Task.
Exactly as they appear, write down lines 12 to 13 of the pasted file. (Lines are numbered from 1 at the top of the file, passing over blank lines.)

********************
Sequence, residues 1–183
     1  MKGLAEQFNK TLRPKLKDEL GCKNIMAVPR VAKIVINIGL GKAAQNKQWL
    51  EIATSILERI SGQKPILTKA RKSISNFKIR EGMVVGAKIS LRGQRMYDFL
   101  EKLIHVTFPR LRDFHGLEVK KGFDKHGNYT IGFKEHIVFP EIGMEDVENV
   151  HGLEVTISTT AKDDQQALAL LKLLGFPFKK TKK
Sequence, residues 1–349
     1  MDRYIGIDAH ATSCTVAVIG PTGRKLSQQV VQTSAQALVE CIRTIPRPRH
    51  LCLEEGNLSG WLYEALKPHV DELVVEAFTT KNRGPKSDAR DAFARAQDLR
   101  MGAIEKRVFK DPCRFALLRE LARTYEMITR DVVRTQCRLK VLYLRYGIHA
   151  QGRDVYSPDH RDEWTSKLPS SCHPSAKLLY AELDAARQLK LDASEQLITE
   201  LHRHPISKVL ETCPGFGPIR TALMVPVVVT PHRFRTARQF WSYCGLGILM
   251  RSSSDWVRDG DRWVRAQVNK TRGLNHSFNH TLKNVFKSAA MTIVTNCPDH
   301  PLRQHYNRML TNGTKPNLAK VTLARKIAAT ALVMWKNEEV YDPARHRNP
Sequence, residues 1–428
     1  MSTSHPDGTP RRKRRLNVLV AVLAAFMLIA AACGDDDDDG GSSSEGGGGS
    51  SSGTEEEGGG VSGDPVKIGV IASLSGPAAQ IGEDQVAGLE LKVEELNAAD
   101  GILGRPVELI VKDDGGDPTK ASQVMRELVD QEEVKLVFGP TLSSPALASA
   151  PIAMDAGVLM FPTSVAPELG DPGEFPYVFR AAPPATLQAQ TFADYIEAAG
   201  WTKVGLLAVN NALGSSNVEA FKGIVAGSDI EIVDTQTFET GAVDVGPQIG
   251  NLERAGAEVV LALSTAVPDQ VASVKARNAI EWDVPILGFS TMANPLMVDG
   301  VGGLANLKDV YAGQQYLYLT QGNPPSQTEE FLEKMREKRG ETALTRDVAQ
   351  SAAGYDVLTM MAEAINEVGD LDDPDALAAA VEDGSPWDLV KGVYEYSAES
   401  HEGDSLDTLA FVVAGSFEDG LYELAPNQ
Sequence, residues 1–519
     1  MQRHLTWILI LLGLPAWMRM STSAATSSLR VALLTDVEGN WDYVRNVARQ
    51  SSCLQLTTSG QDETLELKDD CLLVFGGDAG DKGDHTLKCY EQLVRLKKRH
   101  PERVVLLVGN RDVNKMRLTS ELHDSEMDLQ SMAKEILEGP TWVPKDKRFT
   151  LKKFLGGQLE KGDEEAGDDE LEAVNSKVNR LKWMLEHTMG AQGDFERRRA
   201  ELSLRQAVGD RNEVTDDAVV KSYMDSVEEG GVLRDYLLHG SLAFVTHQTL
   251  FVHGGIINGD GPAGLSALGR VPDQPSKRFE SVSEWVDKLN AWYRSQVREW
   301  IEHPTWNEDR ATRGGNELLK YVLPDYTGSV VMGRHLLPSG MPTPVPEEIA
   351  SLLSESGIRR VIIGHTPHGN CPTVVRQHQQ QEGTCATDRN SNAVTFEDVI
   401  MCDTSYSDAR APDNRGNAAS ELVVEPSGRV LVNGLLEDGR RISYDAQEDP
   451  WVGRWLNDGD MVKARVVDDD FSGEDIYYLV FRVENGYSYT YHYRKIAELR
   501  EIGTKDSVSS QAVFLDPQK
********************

   251  RSSSDWVRDG DRWVRAQVNK TRGLNHSFNH TLKNVFKSAA MTIVTNCPDH
   301  PLRQHYNRML TNGTKPNLAK VTLARKIAAT ALVMWKNEEV YDPARHRNP